When I first set foot on Eagle Rock School and Professional Development Center’s campus I immediately understood that the school motto — All Who Dare — was truly the foundation of everything that encompasses Eagle Rock. Everything I had read about the school, all of the bold concepts of experiential, project-based learning in a unique mountain setting, crystalized into reality. I met teachers and administrators who dared to do the hard work of rethinking an outdated education system that leaves too many students feeling disengaged, and to meet students wherever they may be in their educational journey. I met students from across the United States who told stories of wildly diverse backgrounds and struggles, all of whom had found a new sense of ownership and engagement in their education while living in this bold community. I had been tasked with creating a simple video to introduce the school and professional development center, but it was immediately clear that there were so many more stories to be told – stories with the potential to have wide-reaching impact on the landscape of education in America.
The art of filmmaking often depends on the serendipitous confluence of message, inspiration, and means – a recipe that came together when Honda approached me with an idea for a film about the value of wilderness education, using Eagle Rock School & PDC as a case study. This film could not have been made without Honda’s support.
We faced a number of unique challenges in production, many of which sprung from the challenging nature of the Wilderness Course itself, and the limited window of time that we had the opportunity to film with a new group of students. Even if we had been prepared to send an experienced filmmaker for 24 days of difficult hiking in the wilderness, the group of students and instructors from Eagle Rock had already reached the maximum group size allowed by permit in Lost Creek Wilderness, so we could not add a crew member to the group. Instead, our Director of Photography, Joshua Voelker, had two weeks to train Eagle Rock Wilderness Instructor Jordan Cerna in the basics of cinematography. Jordan picked up the skills quickly, and his instincts and close relationships with the students made for some truly fantastic footage of students’ experiences in the wilderness.
The setting in the Rocky Mountains is breathtaking, and the physical demands of the 24-day Wilderness Course are impressive, but ultimately what makes All Who Dare a remarkable film is the students whose stories we follow. Coming from Michigan, Arizona, North Carolina and California; from battles with substance use and family drama to clashes with the law; they did not ask to be teamed up together for a trek that would test their physical and emotional limits. And as their personalities and hang ups clashed together, it became clear that while they may have been ready for “a” change, being asked to change yourself is a whole different journey.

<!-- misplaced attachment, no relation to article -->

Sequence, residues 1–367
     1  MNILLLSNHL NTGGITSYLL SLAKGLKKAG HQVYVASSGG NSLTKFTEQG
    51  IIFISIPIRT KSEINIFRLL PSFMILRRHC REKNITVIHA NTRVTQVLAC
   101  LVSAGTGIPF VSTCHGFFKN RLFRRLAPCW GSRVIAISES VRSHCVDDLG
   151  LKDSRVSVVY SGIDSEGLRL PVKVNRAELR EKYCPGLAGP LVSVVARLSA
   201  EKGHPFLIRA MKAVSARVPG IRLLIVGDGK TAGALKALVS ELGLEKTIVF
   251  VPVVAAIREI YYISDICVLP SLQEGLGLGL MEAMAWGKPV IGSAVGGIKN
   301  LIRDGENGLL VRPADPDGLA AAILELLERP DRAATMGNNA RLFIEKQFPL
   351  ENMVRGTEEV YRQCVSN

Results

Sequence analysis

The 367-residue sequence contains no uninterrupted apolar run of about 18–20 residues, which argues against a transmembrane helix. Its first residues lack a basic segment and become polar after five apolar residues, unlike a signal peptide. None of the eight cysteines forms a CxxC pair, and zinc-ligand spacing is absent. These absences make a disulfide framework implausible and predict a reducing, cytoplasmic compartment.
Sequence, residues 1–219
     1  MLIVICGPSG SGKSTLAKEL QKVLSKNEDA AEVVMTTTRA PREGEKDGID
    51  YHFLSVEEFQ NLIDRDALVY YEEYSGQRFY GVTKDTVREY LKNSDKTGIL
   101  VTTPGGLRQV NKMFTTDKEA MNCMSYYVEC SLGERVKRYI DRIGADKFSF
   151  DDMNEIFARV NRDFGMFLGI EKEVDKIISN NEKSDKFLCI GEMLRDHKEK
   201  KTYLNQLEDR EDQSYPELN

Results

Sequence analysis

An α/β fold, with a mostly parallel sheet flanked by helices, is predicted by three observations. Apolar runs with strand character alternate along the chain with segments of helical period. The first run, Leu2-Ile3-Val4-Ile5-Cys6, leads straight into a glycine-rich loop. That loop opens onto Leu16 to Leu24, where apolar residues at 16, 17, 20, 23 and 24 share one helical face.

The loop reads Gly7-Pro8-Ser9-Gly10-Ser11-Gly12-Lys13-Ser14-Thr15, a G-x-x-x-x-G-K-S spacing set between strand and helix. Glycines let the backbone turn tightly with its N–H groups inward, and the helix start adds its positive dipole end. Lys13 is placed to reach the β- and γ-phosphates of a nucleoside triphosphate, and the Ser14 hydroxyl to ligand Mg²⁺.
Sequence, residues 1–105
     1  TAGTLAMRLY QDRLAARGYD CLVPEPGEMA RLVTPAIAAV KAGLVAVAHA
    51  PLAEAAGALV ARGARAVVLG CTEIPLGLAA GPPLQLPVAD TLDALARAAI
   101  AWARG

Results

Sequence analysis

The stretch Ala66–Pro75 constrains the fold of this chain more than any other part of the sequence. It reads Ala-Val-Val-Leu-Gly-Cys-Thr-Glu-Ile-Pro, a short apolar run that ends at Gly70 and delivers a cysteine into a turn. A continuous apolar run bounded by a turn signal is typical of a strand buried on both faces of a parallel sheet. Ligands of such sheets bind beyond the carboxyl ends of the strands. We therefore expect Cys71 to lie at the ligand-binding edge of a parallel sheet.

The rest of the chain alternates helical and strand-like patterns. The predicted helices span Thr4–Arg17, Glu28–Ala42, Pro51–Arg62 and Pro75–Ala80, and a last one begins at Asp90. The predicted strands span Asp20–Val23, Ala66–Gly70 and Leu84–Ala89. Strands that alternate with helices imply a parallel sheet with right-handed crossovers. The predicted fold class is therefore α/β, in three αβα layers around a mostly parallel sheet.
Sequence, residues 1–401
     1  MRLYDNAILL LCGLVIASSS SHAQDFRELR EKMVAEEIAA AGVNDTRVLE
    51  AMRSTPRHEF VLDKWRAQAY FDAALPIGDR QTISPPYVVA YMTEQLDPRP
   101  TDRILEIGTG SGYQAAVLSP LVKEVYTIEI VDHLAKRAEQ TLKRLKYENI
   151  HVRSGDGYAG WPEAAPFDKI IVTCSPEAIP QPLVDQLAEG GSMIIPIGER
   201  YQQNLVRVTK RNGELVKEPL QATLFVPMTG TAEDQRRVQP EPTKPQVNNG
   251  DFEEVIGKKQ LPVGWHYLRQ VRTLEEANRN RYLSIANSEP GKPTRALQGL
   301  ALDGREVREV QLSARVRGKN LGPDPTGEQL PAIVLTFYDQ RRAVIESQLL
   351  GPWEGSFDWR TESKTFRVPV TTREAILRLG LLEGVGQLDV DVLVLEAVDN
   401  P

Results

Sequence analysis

I hope that All Who Dare allows audience members to connect with these students; to journey with them into the unknown; to cheer for them, fight with them, and celebrate with them; and to think about their own personal journeys of growth and self-discovery. Getting far out of the classroom and far away from your comfort zone provides some of the best opportunities for that type of growth. I hope this film sparks a conversation about the ways that wilderness education can provide opportunities for growing in community, empathy, and self-knowledge. America’s youth – young people like the students featured in the film – deserve the opportunity to take charge of their education and to learn more about what it means to dare to live in a bold community, to dare to explore their own capabilities.
About the Director: Growing up on a farm outside of Lake Crystal, Minnesota, Kiera Faye always felt a connection with wide open spaces, and to the transformational power of stories. She earned a degree in Cinema and Digital Video at Northwestern College, Iowa, and continued her education at the Los Angeles Film Studies Center. In 2008, Kiera directed and produced her first feature documentary, “The Sacred Stage,” which enjoyed widespread distribution via Insight Media. Since then, Kiera has followed her passion for visual storytelling to create a successful video production studio, producing online micro-documentaries for non-profits and other organizations across the United States. Kiera lives in Saint Paul with her husband and All Who Dare Director of Photography Joshua Voelker.